I’ve been wanting to write about my ADD, or what I believe to be ADD in adulthood. So I sat down at my computer full of ideas and enthusiasm to start this article.
That was 6 weeks ago.
Throw in a text or phone call to further sabotage my concentration and I’m doomed.
It’s not that I haven’t tried—Lord no—it’s just that I lose focus. Or do I? Could it be that my ability to focus isn’t the problem, but my inability to ignore interruptions? Or that I am hyper-aware as I start the immediate task at hand and then notice something else that has to be done, and I do that on the way? And then, like something out of a police academy shooting range that pops out unexpectedly, a loved one/ business colleague/mail carrier makes a request and like chutes and ladders, I’m on a different path? Throw in a text or phone call to further sabotage my concentration and I’m doomed. I suspect that even the most hyper-focused person in the world is as well.
ADD in Adulthood: Chutes and Ladders
I tried taking medication once, but while I felt something, I can’t say it was the altered state I hoped for. I gave it up after a week.
Truly I make light of it, but I have struggled with it mightily. Recently I spent three days with my mother and sister. We spoke of all sorts of things women speak of when left to their own kind, family memories included.
While we were sitting outside enjoying the sunset and watching the wildlife (ok, a bit grand, that—chipmunks and birds to be specific), I was catching them up on the latest grandchild/ niece/nephew development. My sister kept interrupting—mystified at a strange noise. After her third ask, without skipping a beat on my fascinating report, I replied “It’s a robin settling down into her nest.” My mother and sister both looked at me awestruck, or weirdly, I can’t say which. “The wings—that’s what you hear.”
My sister, I’m pretty sure, did the double blink. Then my mother told a story.
The Toad Search
“You know, this reminds me of when you were a little girl. At some point in time you discovered window wells and the unfortunate frogs and toads that would get caught in them. Once you realized this, it became a mission for you to patrol for them and rescue them from their fate. One day while making your rounds you came upon a frightening discovery—not a frog or toad in the gravel, but a bird in the drain pipe, chirping weakly. Waaay down in the house underbelly.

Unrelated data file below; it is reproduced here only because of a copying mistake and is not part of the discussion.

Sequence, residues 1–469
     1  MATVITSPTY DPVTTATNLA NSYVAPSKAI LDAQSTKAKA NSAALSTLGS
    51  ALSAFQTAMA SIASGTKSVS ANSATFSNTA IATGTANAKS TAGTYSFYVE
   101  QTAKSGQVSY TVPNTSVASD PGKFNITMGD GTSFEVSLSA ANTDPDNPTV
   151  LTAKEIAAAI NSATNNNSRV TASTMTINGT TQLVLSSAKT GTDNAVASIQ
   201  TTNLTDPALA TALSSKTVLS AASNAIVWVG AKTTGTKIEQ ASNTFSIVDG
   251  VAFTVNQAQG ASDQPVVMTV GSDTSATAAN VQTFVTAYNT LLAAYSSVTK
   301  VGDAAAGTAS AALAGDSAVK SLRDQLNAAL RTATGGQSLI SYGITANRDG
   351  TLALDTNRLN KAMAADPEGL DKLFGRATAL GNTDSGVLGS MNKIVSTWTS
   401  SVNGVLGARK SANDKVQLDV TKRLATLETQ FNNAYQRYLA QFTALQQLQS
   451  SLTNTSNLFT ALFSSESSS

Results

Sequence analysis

“If the bird was wedged it would drown. Unacceptable. You then called 911.”
First you called our vet. He told you to fill the pipe with water and see if it would float out. Good advice or questionable advice, it was not acceptable to your way of thinking. If the bird was wedged it would drown. Unacceptable. You then called 911. Unbelievably, a policeman showed up. He took one look at you and the neighborhood kids and set to work.”
“How he got it out,” my mother said, “I cannot remember, but for what seemed like an eternity—and a setting sun and kids dwindling—I was dreading it. I hated the thought of, as they say in the business of search and rescue, ‘recovery.’ I did not want you going to bed that night broken hearted.”
The Unsung and The Unseen
As she was telling this, it came back to me—so distant and yet a visual zap: the dark hole with the bird curled up tight, but breathing and chirping, the wing attempting to wrest itself out of such a strange position. The officer, the neighbor kids, a flashlight, and finally, finally, a liberated bird, exhausted but alive. The officer and I sat with it, letting it get its bearings. Then, exquisitely, it flew off.
Yes, I’m guilty of swerving off the proverbial task at hand. Yes, it’s frustrating at times.
So that’s the upside of ADD. If I had stayed laser focused on toad/frog liberation, if I had just followed my formula, if my wheels hadn’t strayed from the road, like they are wont to do to this day, that bird would not have benefitted from a condition so maligned and medicated these days.
Yes, I’m guilty of swerving off the proverbial task at hand. Yes, it’s frustrating at times. But maybe, just maybe, all of us with ADD accomplish things unsung and unseen—and unnoted—but noteworthy nonetheless.